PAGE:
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Hawaii Gov. David Ige (D) announced plans Wednesday to soon welcome back nonresidents to the island state who are fully vaccinated against COVID-19 for nonessential travel.
Why it matters: Hawaii's tourist-dependent labor market suffered one of the worst blows in the U.S. last year and the state's climb out of its pandemic-sized hole is moving slowly, Axios' Courtenay Brown notes.
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The big picture: Ige urged tourists last August not to visit as the Delta variant left Hawaii's hospitals inundated, per the Washington Post.
The governor said during a Wednesday briefing that there were now fewer coronavirus hospitalizations so it's again safe to travel in and out of the state.
"Beginning November 1st, we want to invite and encourage fully vaccinated visitors and residents to travel for business or leisure, trans-Pacific and inter-island."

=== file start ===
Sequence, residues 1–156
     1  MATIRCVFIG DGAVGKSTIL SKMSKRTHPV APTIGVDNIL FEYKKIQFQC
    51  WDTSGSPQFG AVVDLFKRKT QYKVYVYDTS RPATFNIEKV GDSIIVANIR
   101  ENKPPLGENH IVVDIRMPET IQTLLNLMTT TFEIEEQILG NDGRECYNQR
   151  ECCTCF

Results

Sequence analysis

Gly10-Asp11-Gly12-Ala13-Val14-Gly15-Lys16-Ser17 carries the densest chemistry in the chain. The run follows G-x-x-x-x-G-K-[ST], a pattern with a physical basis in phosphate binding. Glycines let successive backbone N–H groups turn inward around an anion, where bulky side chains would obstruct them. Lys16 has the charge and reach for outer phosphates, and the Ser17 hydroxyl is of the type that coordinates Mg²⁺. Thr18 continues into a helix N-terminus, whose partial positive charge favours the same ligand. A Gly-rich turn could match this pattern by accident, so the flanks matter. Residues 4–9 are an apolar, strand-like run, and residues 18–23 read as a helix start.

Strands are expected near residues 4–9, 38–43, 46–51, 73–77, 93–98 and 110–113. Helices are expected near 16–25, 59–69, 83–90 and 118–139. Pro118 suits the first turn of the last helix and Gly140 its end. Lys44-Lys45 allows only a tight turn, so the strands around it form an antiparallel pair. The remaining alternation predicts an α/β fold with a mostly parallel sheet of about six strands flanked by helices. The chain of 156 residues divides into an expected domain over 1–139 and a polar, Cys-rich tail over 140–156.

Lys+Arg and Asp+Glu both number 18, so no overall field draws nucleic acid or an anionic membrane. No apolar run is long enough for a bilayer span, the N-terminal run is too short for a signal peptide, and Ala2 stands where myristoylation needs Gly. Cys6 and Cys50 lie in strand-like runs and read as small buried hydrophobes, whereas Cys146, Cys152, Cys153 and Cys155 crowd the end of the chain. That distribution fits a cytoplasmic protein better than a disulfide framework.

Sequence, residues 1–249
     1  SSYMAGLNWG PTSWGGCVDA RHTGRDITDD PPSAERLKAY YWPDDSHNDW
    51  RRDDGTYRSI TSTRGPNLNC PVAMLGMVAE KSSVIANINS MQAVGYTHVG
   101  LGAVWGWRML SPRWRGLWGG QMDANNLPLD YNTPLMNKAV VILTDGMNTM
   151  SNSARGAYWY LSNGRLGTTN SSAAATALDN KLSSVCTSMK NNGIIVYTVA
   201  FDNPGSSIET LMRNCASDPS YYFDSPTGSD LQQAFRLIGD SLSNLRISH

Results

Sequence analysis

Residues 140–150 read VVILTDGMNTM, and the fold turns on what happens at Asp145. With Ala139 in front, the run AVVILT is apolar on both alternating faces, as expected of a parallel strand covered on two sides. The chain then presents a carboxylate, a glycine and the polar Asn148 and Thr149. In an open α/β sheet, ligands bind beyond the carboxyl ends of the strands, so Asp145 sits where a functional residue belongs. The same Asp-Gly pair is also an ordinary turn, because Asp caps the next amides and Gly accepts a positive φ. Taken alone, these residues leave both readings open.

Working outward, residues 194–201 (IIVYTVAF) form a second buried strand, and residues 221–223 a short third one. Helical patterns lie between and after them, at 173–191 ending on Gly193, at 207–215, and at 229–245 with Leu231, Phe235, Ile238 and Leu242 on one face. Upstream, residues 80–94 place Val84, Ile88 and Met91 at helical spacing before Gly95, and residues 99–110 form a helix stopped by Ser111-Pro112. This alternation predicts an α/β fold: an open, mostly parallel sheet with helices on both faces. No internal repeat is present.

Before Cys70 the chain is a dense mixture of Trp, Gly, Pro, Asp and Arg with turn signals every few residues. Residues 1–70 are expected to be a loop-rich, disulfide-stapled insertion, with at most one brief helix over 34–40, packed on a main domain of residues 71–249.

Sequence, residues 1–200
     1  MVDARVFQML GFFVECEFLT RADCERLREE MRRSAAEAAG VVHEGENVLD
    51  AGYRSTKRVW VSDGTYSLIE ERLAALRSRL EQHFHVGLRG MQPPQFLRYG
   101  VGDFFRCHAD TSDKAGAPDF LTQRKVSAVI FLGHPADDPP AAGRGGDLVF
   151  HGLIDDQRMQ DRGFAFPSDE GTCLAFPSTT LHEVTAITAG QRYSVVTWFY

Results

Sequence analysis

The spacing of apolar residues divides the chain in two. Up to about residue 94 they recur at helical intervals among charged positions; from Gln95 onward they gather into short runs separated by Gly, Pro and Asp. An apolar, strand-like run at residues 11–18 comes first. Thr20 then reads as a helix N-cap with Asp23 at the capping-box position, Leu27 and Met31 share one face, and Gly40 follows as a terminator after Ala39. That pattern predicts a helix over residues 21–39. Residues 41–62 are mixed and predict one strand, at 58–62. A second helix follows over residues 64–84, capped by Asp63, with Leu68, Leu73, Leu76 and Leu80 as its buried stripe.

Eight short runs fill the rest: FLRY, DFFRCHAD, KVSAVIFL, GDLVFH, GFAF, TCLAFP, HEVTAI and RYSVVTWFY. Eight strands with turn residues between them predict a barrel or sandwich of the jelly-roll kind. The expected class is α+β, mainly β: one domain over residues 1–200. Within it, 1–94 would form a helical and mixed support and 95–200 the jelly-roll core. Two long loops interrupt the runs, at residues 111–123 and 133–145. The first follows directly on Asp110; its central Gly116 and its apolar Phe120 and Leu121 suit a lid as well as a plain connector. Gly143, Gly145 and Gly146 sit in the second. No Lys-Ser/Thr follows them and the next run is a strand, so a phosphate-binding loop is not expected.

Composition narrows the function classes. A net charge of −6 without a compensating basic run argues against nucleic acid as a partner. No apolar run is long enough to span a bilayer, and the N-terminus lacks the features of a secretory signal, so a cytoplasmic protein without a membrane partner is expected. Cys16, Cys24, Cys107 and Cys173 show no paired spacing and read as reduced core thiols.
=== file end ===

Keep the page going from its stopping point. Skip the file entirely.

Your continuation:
What they're saying: Hawaii Lodging and Tourism Association president and CEO Mufi Hannemann noted to the Honolulu Star-Advertiser that there were "still details that need to be sorted out" before the Nov. 1 timeline he and others in the state's business sector had pushed for.
But Hannemann added, "this announcement is an important first step toward getting our economy moving again safely and judiciously."
Of note: "The state's travel requirements — which allow visitors from the United States and U.S. territories to bypass a 10-day quarantine with proof of vaccination or a test — remain in place," WashPost reports.
By the numbers: The state's new COVID-19 cases rate has fallen by nearly 50% in the past two weeks, according to the Hawaii State Department of Health.
About 70% of Hawaii's population is fully vaccinated against the virus.
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